It is well-known that overparametrized neural networks trained using gradient-based methods quickly achieve small training error with appropriate hyperparameter settings. Recent papers have proved this statement theoretically for highly overparametrized networks under reasonable assumptions. These results either assume that the activation function is ReLU or they crucially depend on the minimum eigenvalue of a certain Gram matrix depending on the data, random initialization and the activation function. In the later case, existing works only prove that this minimum eigenvalue is non-zero and do not provide quantitative bounds. On the empirical side, a contemporary line of investigations has proposed a number of alternative activation functions which tend to perform better than ReLU at least in some settings but no clear understanding has emerged. This state of affairs underscores the importance of theoretically understanding the impact of activation functions on training. In the present paper, we provide theoretical results about the effect of activation function on the training of highly overparametrized 2-layer neural networks. A crucial property that governs the performance of an activation is whether or not it is smooth. For non-smooth activations such as ReLU, SELU and ELU, all eigenvalues of the associated Gram matrix are large under minimal assumptions on the data. For smooth activations such as tanh, swish and polynomial, the situation is more complex. If the subspace spanned by the data has small dimension then the minimum eigenvalue of the Gram matrix can be small leading to slow training. But if the dimension is large and the data satisfies another mild condition, then the eigenvalues are large. If we allow deep networks, then the small data dimension is not a limitation provided that the depth is sufficient. We discuss a number of extensions and applications of these results.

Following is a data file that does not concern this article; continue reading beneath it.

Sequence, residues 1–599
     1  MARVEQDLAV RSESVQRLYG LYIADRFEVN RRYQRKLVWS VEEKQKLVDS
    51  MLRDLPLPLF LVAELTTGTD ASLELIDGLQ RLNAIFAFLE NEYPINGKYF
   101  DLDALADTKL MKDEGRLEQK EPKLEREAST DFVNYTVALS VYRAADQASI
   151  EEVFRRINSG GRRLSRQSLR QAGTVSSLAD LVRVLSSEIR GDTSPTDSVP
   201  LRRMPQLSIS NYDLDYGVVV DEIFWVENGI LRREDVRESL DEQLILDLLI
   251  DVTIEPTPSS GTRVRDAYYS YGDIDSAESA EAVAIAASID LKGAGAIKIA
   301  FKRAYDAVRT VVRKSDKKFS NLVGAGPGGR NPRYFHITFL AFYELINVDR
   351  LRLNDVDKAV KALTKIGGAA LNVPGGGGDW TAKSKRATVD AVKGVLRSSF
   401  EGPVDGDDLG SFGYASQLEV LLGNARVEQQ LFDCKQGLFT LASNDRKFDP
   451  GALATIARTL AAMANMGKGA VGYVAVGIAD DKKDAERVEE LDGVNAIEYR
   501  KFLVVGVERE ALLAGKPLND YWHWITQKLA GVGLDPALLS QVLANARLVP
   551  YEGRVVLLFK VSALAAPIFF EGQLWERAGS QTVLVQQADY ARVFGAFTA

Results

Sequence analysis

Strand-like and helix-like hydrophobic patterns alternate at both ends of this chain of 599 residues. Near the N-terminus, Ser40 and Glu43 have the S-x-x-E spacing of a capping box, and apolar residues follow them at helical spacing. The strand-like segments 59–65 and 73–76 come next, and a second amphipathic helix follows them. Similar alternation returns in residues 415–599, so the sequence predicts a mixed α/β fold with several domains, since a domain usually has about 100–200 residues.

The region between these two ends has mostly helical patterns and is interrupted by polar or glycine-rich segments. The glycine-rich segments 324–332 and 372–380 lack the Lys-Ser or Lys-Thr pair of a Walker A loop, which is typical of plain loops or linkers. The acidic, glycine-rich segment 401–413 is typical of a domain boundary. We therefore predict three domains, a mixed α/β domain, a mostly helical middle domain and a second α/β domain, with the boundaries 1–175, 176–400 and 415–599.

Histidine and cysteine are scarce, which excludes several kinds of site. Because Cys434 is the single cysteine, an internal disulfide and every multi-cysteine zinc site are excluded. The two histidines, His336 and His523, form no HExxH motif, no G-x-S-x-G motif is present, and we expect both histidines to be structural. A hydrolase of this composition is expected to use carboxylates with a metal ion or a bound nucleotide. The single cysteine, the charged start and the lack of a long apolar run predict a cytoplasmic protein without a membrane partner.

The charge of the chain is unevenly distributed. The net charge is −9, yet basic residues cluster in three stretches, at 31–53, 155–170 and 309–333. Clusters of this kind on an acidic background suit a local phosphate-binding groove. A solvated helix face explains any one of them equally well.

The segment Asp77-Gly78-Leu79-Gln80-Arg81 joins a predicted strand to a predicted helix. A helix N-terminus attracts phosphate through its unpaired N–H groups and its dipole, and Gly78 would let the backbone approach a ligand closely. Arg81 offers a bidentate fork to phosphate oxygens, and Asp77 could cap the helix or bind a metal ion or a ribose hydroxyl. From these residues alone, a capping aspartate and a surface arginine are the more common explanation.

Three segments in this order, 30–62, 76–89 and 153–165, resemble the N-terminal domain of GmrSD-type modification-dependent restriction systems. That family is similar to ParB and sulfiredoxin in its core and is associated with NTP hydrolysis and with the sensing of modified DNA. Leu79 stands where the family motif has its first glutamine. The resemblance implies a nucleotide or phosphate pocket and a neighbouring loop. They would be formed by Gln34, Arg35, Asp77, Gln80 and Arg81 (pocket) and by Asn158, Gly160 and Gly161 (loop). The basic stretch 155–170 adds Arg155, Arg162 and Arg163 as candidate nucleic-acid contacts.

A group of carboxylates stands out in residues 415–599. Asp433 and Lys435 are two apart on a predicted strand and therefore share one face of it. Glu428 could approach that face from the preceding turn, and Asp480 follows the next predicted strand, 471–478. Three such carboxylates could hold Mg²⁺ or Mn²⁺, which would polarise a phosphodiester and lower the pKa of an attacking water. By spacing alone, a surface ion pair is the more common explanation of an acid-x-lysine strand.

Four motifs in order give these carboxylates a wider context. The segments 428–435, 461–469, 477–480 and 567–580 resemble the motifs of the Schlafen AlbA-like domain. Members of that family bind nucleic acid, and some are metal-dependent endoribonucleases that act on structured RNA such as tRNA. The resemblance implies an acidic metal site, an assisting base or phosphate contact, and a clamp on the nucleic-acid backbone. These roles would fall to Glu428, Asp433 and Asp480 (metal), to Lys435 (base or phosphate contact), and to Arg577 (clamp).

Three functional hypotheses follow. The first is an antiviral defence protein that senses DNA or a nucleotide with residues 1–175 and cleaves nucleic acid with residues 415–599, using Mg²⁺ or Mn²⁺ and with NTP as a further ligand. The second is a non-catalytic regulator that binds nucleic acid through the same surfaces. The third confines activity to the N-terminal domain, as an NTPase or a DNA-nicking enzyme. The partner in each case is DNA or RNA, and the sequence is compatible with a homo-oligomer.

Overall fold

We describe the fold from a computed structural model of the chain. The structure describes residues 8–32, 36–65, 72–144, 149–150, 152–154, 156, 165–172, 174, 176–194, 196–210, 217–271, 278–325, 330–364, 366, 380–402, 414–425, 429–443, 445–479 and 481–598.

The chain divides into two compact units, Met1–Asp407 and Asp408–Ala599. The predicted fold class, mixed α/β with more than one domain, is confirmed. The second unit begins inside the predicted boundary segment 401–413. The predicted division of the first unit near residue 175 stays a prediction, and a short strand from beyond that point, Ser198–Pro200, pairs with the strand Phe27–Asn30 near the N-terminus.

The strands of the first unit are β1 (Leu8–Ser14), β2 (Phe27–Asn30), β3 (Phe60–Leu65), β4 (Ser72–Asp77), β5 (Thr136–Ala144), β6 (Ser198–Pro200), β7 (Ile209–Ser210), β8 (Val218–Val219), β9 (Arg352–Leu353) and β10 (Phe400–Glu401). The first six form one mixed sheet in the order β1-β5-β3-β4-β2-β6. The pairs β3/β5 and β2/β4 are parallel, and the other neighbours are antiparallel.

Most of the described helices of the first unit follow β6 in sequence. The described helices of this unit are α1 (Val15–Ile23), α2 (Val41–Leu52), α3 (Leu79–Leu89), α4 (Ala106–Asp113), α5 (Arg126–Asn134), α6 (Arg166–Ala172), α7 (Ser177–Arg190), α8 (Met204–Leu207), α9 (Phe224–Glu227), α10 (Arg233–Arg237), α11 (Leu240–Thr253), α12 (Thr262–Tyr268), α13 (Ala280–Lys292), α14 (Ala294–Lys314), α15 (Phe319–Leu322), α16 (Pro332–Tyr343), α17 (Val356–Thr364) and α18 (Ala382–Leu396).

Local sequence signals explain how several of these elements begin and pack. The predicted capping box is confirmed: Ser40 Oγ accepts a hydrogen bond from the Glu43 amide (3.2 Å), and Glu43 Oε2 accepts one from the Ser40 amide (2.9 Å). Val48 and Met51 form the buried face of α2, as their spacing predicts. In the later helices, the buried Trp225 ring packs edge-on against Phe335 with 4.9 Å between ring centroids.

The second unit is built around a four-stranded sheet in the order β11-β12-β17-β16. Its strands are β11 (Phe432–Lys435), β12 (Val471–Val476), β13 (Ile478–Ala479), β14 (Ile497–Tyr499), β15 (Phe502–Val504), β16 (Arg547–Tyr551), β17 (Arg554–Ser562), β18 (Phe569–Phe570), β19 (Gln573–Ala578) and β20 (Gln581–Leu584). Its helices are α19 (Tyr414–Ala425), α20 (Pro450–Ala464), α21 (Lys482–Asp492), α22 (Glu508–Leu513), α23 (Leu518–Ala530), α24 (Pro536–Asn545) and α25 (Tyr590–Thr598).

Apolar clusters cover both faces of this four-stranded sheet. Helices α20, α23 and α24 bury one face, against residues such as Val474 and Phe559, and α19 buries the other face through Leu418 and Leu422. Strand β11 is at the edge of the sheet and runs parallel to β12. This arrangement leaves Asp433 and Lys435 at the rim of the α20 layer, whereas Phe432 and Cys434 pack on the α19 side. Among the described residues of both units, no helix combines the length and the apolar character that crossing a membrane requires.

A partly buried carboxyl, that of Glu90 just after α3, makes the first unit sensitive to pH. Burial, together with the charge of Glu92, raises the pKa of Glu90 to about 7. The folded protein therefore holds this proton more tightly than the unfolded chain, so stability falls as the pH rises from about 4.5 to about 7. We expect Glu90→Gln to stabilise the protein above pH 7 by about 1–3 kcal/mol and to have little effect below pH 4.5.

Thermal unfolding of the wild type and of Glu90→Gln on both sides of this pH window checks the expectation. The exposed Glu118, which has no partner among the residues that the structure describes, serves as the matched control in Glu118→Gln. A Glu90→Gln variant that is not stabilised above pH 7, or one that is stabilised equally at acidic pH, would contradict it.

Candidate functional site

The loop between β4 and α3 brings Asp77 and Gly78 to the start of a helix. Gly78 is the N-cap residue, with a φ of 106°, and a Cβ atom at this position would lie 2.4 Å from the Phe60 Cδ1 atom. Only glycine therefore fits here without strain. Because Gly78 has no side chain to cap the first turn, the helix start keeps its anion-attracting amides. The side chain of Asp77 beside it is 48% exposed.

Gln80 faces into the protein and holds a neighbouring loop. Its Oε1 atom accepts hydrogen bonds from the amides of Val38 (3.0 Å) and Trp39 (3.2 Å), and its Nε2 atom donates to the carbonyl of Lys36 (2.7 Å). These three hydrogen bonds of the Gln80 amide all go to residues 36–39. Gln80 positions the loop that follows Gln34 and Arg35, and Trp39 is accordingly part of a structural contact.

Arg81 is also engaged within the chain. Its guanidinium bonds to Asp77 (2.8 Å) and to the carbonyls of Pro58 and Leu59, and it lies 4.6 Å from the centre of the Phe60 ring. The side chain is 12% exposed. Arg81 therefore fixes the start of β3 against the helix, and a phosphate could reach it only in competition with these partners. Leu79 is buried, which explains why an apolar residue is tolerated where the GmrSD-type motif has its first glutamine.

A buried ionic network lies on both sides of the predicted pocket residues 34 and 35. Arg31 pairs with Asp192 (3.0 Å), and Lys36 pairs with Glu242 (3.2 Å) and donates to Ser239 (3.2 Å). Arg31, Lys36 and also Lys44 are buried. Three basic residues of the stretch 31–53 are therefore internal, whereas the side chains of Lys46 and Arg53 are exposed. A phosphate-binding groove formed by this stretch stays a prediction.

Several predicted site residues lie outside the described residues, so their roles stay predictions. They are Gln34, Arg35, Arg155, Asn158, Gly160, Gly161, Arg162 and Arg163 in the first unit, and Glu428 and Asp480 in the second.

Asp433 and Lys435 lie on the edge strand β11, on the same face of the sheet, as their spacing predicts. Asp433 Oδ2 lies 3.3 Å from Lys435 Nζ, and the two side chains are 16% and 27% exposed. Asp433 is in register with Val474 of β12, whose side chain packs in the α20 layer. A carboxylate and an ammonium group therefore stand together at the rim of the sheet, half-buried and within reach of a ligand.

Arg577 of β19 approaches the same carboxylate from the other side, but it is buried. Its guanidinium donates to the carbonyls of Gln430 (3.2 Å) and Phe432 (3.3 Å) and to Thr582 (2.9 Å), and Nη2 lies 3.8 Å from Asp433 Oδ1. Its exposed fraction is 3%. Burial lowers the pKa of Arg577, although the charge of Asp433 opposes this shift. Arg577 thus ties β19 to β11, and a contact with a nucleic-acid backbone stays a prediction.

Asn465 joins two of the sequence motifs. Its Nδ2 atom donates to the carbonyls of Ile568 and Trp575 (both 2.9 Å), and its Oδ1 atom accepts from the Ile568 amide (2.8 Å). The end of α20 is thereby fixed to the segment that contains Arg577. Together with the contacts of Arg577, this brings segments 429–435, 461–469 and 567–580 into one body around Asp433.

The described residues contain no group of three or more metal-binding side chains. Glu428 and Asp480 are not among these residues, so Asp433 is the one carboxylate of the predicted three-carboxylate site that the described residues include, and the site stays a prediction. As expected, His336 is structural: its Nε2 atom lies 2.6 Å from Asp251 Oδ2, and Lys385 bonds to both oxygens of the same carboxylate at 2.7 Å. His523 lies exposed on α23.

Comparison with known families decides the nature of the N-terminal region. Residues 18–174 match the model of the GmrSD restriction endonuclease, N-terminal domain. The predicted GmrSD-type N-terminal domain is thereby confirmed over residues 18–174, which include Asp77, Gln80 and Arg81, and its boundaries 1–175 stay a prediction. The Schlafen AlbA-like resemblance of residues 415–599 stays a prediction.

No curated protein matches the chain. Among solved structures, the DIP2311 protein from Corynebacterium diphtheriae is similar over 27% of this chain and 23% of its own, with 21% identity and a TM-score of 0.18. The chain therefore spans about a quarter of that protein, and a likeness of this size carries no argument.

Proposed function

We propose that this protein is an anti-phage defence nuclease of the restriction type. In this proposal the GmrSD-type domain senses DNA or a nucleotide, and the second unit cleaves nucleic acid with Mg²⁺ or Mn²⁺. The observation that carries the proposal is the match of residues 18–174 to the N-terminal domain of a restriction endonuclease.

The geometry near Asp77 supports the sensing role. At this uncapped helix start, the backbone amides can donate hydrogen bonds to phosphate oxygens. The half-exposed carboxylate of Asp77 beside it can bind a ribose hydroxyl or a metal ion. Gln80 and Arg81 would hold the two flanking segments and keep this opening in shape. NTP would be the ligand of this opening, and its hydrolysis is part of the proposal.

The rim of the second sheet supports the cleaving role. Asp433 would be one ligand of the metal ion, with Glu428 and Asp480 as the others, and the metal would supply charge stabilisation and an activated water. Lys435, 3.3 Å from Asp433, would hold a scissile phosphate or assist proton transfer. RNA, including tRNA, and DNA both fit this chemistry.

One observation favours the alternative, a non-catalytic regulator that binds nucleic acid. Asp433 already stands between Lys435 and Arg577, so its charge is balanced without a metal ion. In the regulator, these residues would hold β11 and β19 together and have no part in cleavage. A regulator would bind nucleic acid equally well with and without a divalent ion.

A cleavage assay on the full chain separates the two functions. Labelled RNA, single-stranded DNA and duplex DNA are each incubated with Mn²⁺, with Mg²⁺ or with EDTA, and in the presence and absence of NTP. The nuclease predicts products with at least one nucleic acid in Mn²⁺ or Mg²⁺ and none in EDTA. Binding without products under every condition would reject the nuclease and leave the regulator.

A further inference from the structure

What enables Stochastic Gradient Descent (SGD) to achieve better generalization than Gradient Descent (GD) in Neural Network training? This question has attracted much attention. In this paper, we study the distribution of the Stochastic Gradient Noise (SGN) vectors during the training. We observe that for batch sizes 256 and above, the distribution is best described as Gaussian at-least in the early phases of training. This holds across data-sets, architectures, and other choices.